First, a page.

By diverting Internet users to a website that offers pornographic goods and services, Respondent has not engaged in a legitimate, noncommercial or fair use pursuant to Policy ¶ 4(c)(iii). See AltaVista v. Krotov, D2000-1091 (WIPO Oct. 25, 2000) (finding that use of the domain name to direct users to other, unconnected websites does not constitute a legitimate interest in the domain name); see also Kosmea Pty Ltd. v. Krpan, D2000-0948 (WIPO Oct. 3, 2000) (finding no rights in the domain name where Respondent has an intention to divert consumers of Complainant’s products to Respondent’s site by using Complainant’s mark).
The Panel finds that Policy ¶ 4(a)(ii) has been satisfied.
Registration and Use in Bad Faith
Respondent has linked the disputed domain name to a website that offers adult material. Because the domain name is not only confusingly similar, but identical to Complainant’s MAINWIN mark, Respondent has registered and used <mainwin.com> in bad faith pursuant to Policy ¶ 4(b)(iv). See Land O' Lakes Inc. v. Offbeat Media Inc., FA 96451 (Nat. Arb. Forum Feb. 23, 2001) (finding bad faith under Policy ¶ 4(b)(iv) where Respondent utilized a domain name confusingly similar to the Complainant’s mark and used a confusingly similar pornographic depiction of the Complainant’s registered trademark on its web site to cause confusion as to the source or affiliation of the site); see also Geocities v. Geociites.com, D2000-0326 (WIPO June 19, 2000) (finding bad faith where the Respondent linked the domain name in question to websites displaying banner advertisements and pornographic material).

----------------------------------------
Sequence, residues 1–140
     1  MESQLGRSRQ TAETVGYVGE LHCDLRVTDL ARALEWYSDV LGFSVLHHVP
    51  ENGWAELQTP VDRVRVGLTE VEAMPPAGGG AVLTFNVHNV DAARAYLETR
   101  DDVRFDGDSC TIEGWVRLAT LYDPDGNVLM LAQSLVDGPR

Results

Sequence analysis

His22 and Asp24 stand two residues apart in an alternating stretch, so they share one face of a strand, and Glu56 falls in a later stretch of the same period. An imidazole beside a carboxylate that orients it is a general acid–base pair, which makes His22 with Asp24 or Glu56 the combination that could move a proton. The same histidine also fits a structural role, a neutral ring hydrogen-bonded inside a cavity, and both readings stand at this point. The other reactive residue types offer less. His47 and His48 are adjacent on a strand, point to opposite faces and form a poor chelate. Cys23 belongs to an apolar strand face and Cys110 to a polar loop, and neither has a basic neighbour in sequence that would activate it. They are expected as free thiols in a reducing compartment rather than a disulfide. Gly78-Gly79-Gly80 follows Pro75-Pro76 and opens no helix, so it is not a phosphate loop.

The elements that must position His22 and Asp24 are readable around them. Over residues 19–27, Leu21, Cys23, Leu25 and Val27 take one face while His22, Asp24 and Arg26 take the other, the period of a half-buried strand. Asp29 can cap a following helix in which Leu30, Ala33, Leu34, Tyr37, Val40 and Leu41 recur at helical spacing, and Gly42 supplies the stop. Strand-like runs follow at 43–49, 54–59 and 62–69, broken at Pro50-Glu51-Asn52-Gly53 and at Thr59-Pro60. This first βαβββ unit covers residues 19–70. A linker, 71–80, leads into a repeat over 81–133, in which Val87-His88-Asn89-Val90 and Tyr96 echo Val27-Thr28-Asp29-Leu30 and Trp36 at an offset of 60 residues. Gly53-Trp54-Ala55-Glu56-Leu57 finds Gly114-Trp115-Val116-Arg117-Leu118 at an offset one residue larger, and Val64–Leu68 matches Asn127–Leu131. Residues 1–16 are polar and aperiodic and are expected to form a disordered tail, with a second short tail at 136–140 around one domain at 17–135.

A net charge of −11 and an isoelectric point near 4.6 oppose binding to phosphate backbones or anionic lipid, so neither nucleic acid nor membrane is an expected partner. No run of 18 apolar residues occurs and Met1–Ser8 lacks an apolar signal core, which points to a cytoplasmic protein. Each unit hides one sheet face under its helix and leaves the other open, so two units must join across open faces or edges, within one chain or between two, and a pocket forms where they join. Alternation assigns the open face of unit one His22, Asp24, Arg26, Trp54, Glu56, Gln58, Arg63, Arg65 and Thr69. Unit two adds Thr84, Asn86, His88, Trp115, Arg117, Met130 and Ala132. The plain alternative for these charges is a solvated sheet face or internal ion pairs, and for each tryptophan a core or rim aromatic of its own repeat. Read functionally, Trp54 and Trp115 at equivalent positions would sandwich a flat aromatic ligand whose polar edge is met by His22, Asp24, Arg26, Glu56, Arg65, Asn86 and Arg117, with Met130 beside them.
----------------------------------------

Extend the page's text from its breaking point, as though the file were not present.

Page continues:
The Panel finds that Policy ¶ 4(a)(iii) has been satisfied.
Having established all three elements required under the ICANN Policy, the Panel concludes that the requested relief should be hereby granted.
Accordingly, it is Ordered that the <mainwin.com> domain name be transferred from Respondent to Complainant.
James P. Buchele, Panelist
Dated: April 18, 2002